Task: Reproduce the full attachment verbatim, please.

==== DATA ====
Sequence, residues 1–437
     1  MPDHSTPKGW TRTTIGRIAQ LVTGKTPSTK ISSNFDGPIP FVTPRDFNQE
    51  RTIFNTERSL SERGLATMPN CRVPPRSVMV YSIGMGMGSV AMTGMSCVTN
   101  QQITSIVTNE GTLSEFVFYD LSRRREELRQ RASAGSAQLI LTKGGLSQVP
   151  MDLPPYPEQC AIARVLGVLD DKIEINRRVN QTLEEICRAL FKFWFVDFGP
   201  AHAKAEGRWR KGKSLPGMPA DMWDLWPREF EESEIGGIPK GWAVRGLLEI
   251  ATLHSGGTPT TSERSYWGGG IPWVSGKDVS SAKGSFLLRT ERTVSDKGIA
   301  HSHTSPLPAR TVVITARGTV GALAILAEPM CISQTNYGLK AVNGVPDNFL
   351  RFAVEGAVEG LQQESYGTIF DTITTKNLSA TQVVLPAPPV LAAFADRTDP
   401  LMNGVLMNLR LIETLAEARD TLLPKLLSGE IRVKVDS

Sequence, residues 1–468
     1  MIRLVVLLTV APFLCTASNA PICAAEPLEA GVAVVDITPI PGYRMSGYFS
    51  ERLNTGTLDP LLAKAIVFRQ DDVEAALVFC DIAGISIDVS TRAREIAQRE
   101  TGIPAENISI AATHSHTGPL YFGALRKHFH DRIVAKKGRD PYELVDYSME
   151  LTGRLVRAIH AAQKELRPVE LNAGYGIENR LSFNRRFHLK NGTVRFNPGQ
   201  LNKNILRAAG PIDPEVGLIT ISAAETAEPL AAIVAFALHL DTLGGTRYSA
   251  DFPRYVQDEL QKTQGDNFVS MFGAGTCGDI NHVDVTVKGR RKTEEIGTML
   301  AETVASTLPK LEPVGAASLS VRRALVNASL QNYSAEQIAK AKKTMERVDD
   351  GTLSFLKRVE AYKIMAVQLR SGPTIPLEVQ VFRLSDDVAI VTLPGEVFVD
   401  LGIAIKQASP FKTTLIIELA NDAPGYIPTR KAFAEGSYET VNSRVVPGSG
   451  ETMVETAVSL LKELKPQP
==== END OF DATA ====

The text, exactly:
Sequence, residues 1–437
     1  MPDHSTPKGW TRTTIGRIAQ LVTGKTPSTK ISSNFDGPIP FVTPRDFNQE
    51  RTIFNTERSL SERGLATMPN CRVPPRSVMV YSIGMGMGSV AMTGMSCVTN
   101  QQITSIVTNE GTLSEFVFYD LSRRREELRQ RASAGSAQLI LTKGGLSQVP
   151  MDLPPYPEQC AIARVLGVLD DKIEINRRVN QTLEEICRAL FKFWFVDFGP
   201  AHAKAEGRWR KGKSLPGMPA DMWDLWPREF EESEIGGIPK GWAVRGLLEI
   251  ATLHSGGTPT TSERSYWGGG IPWVSGKDVS SAKGSFLLRT ERTVSDKGIA
   301  HSHTSPLPAR TVVITARGTV GALAILAEPM CISQTNYGLK AVNGVPDNFL
   351  RFAVEGAVEG LQQESYGTIF DTITTKNLSA TQVVLPAPPV LAAFADRTDP
   401  LMNGVLMNLR LIETLAEARD TLLPKLLSGE IRVKVDS

Sequence, residues 1–468
     1  MIRLVVLLTV APFLCTASNA PICAAEPLEA GVAVVDITPI PGYRMSGYFS
    51  ERLNTGTLDP LLAKAIVFRQ DDVEAALVFC DIAGISIDVS TRAREIAQRE
   101  TGIPAENISI AATHSHTGPL YFGALRKHFH DRIVAKKGRD PYELVDYSME
   151  LTGRLVRAIH AAQKELRPVE LNAGYGIENR LSFNRRFHLK NGTVRFNPGQ
   201  LNKNILRAAG PIDPEVGLIT ISAAETAEPL AAIVAFALHL DTLGGTRYSA
   251  DFPRYVQDEL QKTQGDNFVS MFGAGTCGDI NHVDVTVKGR RKTEEIGTML
   301  AETVASTLPK LEPVGAASLS VRRALVNASL QNYSAEQIAK AKKTMERVDD
   351  GTLSFLKRVE AYKIMAVQLR SGPTIPLEVQ VFRLSDDVAI VTLPGEVFVD
   401  LGIAIKQASP FKTTLIIELA NDAPGYIPTR KAFAEGSYET VNSRVVPGSG
   451  ETMVETAVSL LKELKPQP